There are two different ways of looking at a work of pop art: recognizing it as a faithful and worthy reflection of its time or discrediting it as one of the most irreverent movements in the history of art. Or, perhaps there are two ways to look at any work of art: you either love it or you hate it, with anything in between qualifying as indifference.

In this 1966 video, Roy Lichtenstein (New York 1923-1997) and Andy Warhol (Pennsylvania, 1928-1987) talk about their work and the experiences that inspire it; they discuss what they consider pop art in general. The work of both artists sought to recreate the essence of mass production, focusing on ordinary objects, products recontextualized as art.

Lichtenstein appears particularly articulate in the film, speaking confidently about his work and explaining his creative process in detail. At work in his studio, he reflects on the development of his style, delivering poignant insights about the temperament of the age of mass-consumerism. Its aggressiveness and simplification, Lichtenstein explains, are qualities that he wanted to explore in his art.

Andy Warhol sits behind impenetrable sunglasses and a closed-off body language, constantly digressing from the interviewer’s questions. Footage of his studio, interspersed with Warhol’s evasive and rambling answers, traces out the origins of his attitude of ignorance: the same simplification that Lichtenstein described. The unknowable artist comes out as a kind of artist who claims to know nothing.

One never leaves an art gallery quite the same person who walked in. Whether one’s views change or remain intact, art is always a challenge. The same goes for watching this film on pop art: the documentary could either demystify the movement or reaffirm what you already believed about it. Either way, this vintage film is a fascinating watch, sure to inspire and fuel discussion.

There are two different ways of looking at a work of pop art: recognizing it as a faithful and worthy reflection of its time or discrediting it as one of the most irreverent movements in the history of art. Or, perhaps there are two ways to look at any work of art: you either love it or you hate it, with anything in between qualifying as indifference.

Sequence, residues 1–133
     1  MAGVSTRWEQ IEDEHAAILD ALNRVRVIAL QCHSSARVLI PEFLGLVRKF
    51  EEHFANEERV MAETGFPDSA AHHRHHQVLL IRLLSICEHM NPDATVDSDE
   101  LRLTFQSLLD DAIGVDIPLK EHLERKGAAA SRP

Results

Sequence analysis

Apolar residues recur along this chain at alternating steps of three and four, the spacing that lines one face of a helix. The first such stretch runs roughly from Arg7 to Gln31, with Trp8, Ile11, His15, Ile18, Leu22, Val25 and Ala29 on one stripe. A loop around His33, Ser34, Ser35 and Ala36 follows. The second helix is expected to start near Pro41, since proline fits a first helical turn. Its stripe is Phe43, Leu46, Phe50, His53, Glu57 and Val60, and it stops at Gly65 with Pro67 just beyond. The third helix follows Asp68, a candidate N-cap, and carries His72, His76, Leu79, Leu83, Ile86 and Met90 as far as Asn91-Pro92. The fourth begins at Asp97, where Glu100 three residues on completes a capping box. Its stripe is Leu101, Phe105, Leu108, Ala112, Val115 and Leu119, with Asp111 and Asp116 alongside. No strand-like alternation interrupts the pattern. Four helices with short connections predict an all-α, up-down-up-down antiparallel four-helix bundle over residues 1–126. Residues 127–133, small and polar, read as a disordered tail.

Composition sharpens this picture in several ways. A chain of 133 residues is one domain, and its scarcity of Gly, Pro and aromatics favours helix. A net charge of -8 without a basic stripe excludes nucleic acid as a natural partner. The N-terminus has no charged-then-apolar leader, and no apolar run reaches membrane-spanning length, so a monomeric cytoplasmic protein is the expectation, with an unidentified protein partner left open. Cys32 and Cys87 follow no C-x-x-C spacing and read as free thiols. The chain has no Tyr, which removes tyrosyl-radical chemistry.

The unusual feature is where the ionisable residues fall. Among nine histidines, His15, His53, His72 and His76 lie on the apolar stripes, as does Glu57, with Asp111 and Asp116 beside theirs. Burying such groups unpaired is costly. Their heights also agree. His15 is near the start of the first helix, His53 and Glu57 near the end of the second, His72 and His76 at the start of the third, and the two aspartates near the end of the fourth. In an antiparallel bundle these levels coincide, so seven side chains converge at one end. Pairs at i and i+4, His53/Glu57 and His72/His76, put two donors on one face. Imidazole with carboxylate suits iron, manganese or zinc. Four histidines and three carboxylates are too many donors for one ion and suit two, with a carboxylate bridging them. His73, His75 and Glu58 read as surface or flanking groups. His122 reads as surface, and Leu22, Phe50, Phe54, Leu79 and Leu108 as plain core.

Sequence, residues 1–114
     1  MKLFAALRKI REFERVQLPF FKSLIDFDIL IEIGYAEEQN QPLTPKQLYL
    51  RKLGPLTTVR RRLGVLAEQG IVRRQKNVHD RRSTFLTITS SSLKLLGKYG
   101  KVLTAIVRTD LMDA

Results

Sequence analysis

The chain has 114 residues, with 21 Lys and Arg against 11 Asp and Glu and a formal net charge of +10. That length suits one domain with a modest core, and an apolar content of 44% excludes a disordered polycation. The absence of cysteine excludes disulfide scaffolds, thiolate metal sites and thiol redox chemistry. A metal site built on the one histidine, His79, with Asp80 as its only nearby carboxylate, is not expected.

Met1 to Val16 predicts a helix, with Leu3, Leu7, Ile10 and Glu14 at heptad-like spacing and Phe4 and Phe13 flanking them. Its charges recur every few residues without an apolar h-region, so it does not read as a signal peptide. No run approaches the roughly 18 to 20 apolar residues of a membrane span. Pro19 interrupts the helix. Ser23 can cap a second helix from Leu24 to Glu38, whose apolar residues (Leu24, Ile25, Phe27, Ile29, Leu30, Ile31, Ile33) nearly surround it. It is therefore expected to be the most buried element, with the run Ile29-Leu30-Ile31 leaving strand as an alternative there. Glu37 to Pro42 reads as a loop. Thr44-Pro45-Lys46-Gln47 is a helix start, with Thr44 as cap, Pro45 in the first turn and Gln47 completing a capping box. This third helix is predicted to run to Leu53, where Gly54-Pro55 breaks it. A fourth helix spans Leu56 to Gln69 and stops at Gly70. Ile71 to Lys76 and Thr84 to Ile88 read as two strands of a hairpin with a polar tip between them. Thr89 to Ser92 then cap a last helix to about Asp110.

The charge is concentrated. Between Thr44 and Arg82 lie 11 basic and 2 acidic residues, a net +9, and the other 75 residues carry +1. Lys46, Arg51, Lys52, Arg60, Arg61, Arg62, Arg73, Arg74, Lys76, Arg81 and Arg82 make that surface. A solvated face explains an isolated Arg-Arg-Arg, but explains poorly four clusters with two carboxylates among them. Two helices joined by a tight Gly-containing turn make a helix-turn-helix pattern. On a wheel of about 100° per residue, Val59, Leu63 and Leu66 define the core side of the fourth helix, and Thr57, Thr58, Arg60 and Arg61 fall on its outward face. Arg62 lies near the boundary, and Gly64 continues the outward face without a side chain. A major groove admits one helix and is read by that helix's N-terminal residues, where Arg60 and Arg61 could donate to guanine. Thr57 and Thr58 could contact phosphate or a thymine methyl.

In this 1966 video, Roy Lichtenstein (New York 1923-1997) and Andy Warhol (Pennsylvania, 1928-1987) talk about their work and the experiences that inspire it; they discuss what they consider pop art in general. The work of both artists sought to recreate the essence of mass production, focusing on ordinary objects, products recontextualized as art.

Lichtenstein appears particularly articulate in the film, speaking confidently about his work and explaining his creative process in detail. At work in his studio, he reflects on the development of his style, delivering poignant insights about the temperament of the age of mass-consumerism. Its aggressiveness and simplification, Lichtenstein explains, are qualities that he wanted to explore in his art.

Andy Warhol sits behind impenetrable sunglasses and a closed-off body language, constantly digressing from the interviewer’s questions. Footage of his studio, interspersed with Warhol’s evasive and rambling answers, traces out the origins of his attitude of ignorance: the same simplification that Lichtenstein described. The unknowable artist comes out as a kind of artist who claims to know nothing.

One never leaves an art gallery quite the same person who walked in. Whether one’s views change or remain intact, art is always a challenge. The same goes for watching this film on pop art: the documentary could either demystify the movement or reaffirm what you already believed about it. Either way, this vintage film is a fascinating watch, sure to inspire and fuel discussion.

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